__declspec(dllexport) std::vector<KVPIndex*> * ST_enum_suggestions (ST_FILE_NODE * dict, const char * word, int *n);
}
 
// Close the dictionary
extern "C" {
 __declspec(dllexport) void ST_close_dict (ST_FILE_NODE * dict);
}
 
extern "C" {
 __declspec(dllexport) void ST_GetFirst(const char *cStr, KVPIndex *kvpSt);
 __declspec(dllexport) void ST_GetKVFirst(std::vector<KVPIndex*> *KVPResults, KVPIndex *m_kvp);
}
 
extern "C" {
 __declspec(dllexport) void ST_GetNext(KVPIndex *kvpSt);
} 
 


 

The ENumResults struct is used to manage another KVPVect that stores a list of spelling suggestions generated in the ST_enum_suggestions call.

struct ENumResults {
   std::vector<KVPIndex*> KVPVect;
 
   ~ENumResults() {
       vector<KVPIndex*>::iterator vit;
       for (vit=KVPVect.begin(); vit < KVPVect.end(); ++vit)
       {
          free((KVPIndex*)(*vit)->sKey);
          delete(*vit);
       }
   }
 
   void RemoveEntries() {
       vector<KVPIndex*>::iterator vit;
       for (vit=KVPVect.begin(); vit < KVPVect.end(); ++vit)
       {
          free((KVPIndex*)(*vit)->sKey);
          delete(*vit);
       }
       KVPVect.clear();
   }
};

The destructor is similar to RemoveEntries except that RemoveEntries frees memory for all elements and clears KVPVect instead for deleting the KVPVect object.

spellchecker.cpp  and CreateTree.cpp

Most of the wrapper functions for dllexport are implemented in spellchecker.cpp.

Many of these functions call methods in the KVPCollection struct that are either implemented in CreateTree.h or CreateTree.cpp.

ST_GetFirst calls an overload of GetFirst that is implemented in CreateTree.cpp. 

A C function, comp, is used to compare CompStr to the range of values in the sorted std::vector.

const char *CompStr; 
//Finds range of keys using left-substring match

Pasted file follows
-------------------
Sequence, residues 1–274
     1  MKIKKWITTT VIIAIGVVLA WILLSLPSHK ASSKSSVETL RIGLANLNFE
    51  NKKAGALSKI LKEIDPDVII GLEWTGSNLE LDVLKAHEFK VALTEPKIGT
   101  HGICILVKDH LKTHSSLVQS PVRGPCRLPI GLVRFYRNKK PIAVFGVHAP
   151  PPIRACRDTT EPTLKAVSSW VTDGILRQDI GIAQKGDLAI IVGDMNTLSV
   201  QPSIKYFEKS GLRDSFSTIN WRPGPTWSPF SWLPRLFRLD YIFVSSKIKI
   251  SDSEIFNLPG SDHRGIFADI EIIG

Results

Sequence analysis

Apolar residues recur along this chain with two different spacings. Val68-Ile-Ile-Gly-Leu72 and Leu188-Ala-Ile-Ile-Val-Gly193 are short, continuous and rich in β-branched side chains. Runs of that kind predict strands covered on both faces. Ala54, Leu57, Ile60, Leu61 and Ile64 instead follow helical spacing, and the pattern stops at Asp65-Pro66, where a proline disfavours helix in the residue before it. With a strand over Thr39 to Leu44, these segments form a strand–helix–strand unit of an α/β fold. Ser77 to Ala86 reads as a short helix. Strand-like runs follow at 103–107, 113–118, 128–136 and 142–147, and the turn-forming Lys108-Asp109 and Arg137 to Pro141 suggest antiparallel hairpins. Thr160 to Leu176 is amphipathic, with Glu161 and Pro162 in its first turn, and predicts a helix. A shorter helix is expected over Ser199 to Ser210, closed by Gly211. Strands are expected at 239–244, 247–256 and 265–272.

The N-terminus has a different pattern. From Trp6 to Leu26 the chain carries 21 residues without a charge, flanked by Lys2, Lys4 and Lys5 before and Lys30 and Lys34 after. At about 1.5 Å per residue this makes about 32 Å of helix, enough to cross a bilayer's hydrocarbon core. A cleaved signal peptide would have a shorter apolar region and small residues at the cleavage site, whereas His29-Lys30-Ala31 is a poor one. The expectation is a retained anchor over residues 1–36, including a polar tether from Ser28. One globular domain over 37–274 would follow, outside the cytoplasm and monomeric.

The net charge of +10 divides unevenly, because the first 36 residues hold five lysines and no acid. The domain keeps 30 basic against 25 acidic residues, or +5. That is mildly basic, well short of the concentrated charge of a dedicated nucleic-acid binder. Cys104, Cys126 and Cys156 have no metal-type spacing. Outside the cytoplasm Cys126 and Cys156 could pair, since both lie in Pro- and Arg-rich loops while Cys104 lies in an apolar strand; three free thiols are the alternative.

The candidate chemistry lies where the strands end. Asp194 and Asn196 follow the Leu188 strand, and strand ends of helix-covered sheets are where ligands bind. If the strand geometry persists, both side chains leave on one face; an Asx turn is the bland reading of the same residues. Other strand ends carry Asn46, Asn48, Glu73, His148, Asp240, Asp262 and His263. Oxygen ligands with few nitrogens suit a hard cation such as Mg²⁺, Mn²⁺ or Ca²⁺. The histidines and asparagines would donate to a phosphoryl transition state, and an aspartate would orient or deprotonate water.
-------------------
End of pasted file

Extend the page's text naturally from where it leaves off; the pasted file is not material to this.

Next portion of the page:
bool comp(const KVPIndex *pred, const KVPIndex *range)
{
   if (strcmp(CompStr, range->sKey))
   {
      if (strcmp(CompStr, pred->sKey)) {
         return (strcmp(pred->sKey, range->sKey) < 0) ? true : false;
      }
      //CompStr == pred->sKey
      if (range->keySize <= pred->keySize) { 
         return (strcmp(pred->sKey, range->sKey) < 0) ? true : false;
      }
      return (strncmp(pred->sKey, range->sKey, pred->keySize) < 0) ? true : false;
   }
   else //CompStr == range->sKey
   {
      if (pred->keySize <= range->keySize) { 
         return (strcmp(pred->sKey, range->sKey) < 0) ? true : false;
      }
      return (strncmp(pred->sKey, range->sKey, range->keySize) < 0) ? true : false;
   }
}

pred and range are actually interchangeable so CompStr is used to hold the search string in order to correctly left match CompStr as a substring in sKey vector elements. If CompStr length is less than the vector key item, then only the key size of the input key should be compared. The right part of the range key that is past the length of the input key can be ignored. This function took some debugging to get it working correctly for left matches.

Here is this GetFirst implementation.

void KVPCollection::GetFirst(const char *cStr, KVPIndex *m_kvp, bool (*compFunc)(const KVPIndex *, const KVPIndex *))
{
   m_kvp->fid = -1;
   int len = strlen(cStr);
   if (len > 0) {
      CompStr = cStr; //save to use in comp function
      KVPIndex* kvp;
      kvp = new KVPIndex(); //create temparary search term for predicate
      kvp->keySize = len;
      if (len >= KVPIndexC_sKey_Size) {